We think Macron remains best placed to win the second round, although the vote is likely to be a result closer than in 2017. Although polls have been pointing to growing support for Le Pen in the second round contest, we still expect a broad anti-Le Pen coalition to coalesce around Macron. It also remains important to see how the race and the political debate develop over the next two weeks.
As the far right candidate would receive more attention in the second round, she would be questioned over her links with Putin and the credibility of her economic program that could undermine her. Macron will attract all the undecided voters that fear a populist shift of France under Le Pen, even if they have not voted for the incumbent President in the first round. The re-election of Macron would be welcomed by financial markets, as it would imply policy continuity, further progress on the green agenda, possibly more EU integration, and a renewed attempt to tackle domestic reforms.
However, there is a significant risk of a Le Pen victory, as reflected by polls and markets. Should many of voters abstain in the second round, the chances for Le Pen to win the election would rise. Given that a large share of the far-left electorate has been criticizing Macron, any support from Mélenchon and his voters could be important. Reflecting the narrowing lead for Macron in the polls, markets have also been pricing more risk over the past month, with French government bond yields increasing. The reaction is more limited than five years ago, when the spread of 10Y French sovereign bonds over Germany peaked above 80bp, compared to a high of 55bp this time around.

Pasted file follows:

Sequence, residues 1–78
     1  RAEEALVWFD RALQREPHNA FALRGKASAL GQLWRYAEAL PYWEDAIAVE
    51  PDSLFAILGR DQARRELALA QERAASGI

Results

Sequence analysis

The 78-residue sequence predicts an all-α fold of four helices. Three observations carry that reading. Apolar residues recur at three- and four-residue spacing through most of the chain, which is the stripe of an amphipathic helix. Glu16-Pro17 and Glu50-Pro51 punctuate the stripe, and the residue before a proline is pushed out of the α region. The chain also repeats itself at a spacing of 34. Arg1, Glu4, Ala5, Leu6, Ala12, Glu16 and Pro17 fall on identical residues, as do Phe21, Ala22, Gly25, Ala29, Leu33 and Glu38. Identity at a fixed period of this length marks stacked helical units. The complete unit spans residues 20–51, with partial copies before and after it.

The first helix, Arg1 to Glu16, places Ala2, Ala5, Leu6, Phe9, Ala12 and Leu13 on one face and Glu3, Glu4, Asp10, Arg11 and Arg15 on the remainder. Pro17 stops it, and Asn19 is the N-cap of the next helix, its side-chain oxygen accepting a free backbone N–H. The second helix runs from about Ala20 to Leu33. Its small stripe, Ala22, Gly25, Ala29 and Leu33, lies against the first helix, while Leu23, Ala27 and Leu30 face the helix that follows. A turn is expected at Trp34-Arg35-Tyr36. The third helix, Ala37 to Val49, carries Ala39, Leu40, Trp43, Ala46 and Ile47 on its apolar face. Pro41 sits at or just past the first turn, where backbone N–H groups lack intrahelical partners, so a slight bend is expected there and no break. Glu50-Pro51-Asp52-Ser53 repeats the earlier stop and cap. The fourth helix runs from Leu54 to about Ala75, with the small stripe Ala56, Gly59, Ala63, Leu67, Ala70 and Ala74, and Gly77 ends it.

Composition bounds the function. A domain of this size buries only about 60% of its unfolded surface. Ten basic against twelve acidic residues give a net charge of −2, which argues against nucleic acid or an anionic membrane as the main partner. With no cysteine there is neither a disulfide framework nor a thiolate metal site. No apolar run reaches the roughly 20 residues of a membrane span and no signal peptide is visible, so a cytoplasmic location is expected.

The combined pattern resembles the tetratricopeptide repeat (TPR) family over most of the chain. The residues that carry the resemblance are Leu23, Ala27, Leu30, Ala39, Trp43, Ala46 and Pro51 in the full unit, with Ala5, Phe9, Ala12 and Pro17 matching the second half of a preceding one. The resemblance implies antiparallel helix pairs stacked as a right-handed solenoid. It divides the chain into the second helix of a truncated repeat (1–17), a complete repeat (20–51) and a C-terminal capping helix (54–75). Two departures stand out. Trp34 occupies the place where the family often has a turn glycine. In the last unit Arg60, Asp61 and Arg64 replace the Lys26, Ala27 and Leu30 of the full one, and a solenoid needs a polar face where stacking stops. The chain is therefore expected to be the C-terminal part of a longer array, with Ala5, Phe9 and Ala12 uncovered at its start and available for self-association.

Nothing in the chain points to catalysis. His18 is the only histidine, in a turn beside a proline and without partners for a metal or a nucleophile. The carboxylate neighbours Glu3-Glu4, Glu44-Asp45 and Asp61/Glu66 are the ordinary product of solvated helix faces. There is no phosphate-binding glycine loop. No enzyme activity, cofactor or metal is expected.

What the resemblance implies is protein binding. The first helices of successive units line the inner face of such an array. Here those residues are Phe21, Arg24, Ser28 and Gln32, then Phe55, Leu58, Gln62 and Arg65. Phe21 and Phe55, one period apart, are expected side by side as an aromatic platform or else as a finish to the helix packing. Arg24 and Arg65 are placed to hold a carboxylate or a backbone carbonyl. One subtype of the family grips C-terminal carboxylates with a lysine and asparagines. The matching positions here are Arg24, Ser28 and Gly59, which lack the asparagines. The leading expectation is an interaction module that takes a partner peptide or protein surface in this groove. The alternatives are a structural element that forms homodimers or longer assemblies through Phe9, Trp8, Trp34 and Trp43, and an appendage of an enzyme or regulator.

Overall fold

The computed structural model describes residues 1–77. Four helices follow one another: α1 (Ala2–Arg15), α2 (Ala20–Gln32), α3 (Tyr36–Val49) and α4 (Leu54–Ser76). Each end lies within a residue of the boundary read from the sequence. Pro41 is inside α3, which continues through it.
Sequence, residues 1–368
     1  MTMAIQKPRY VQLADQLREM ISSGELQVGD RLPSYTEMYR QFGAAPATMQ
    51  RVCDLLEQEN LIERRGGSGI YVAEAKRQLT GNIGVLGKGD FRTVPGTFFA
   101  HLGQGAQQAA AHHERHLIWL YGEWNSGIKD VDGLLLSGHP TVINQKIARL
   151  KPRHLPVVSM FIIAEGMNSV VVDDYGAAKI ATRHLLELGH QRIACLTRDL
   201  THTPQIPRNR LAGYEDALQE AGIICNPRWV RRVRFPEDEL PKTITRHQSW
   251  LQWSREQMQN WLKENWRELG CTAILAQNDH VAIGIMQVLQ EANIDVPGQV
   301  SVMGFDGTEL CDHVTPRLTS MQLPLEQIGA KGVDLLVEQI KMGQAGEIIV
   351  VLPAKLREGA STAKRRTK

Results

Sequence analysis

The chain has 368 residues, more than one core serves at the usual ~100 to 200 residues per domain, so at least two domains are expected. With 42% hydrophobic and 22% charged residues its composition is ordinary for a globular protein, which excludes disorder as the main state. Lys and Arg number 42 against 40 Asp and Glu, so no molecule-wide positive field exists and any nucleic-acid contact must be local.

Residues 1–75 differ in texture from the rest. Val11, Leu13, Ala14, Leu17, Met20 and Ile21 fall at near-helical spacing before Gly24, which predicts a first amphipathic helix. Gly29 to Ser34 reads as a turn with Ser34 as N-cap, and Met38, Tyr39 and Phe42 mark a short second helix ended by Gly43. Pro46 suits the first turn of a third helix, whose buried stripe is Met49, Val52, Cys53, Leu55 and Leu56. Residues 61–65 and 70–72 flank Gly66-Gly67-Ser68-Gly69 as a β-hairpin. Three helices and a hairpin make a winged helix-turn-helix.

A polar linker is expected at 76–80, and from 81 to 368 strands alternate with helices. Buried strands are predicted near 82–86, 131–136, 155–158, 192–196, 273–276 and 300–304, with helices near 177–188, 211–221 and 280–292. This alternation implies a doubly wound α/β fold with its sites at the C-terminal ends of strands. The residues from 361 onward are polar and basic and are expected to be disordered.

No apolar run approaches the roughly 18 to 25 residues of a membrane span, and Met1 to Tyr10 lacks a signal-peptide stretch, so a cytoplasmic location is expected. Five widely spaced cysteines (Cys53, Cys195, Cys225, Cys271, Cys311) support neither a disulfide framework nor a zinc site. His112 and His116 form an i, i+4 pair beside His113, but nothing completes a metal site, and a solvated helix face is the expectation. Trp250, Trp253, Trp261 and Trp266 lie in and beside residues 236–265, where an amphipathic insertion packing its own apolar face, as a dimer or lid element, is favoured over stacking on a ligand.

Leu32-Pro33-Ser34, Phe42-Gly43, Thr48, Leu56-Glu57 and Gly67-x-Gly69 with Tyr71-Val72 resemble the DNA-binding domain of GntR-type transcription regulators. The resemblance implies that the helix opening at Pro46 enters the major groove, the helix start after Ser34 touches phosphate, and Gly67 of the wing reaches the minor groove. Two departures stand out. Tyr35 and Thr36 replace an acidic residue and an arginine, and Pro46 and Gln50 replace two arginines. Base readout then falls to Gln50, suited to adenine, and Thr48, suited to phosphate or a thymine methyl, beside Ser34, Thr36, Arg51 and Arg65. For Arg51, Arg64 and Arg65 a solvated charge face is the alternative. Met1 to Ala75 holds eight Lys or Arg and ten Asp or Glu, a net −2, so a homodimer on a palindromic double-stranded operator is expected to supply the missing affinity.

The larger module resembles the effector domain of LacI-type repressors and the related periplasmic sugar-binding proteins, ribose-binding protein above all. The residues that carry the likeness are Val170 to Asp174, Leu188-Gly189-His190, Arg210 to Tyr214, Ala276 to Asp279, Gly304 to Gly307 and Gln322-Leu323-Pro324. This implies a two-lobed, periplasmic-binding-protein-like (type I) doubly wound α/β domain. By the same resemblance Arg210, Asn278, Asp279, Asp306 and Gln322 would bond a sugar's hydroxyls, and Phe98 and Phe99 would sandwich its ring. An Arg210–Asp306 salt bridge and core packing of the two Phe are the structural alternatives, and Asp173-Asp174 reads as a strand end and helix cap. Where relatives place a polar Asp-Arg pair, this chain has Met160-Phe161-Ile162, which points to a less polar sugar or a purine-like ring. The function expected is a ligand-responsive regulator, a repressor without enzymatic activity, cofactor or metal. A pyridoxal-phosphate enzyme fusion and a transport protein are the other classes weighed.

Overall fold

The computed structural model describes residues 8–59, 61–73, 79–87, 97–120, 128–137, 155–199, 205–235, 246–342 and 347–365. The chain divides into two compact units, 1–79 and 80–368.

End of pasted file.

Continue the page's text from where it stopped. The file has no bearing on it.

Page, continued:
A Le Pen victory would very likely trigger significant risk-off sentiment around French and many other European assets. Her fiscal plans, if implemented, would put French public finances on a worse footing. Moreover, Le Pen would be ill equipped to assume the leadership over European affairs that Macron has and likely find it harder to work with the German coalition. Unlike Macron, who has strongly pushed for more European and Western integration, Le Pen would likely weaken Western unity and would leave Europe more fragmented with less space to push through Europe-wide investment.
A win for Le Pen poses somewhat less risks than in 2017 given her softening stance on Euro membership. Nevertheless, it would threaten policy continuity and remains a risk off event for markets. Moreover, it is unlikely that Le Pen will be able to reach a majority in the parliamentary elections in June, tempering her ability to push through certain policies even if elected as president. In 2017 her party got more than 20% of the votes in the national elections but less than 2% of the seats in the parliamentary, given the two-round first-past-the-post system tends to favour centre parties. Therefore, she would need to create a coalition with centre parties to form a government, which would involve political compromises.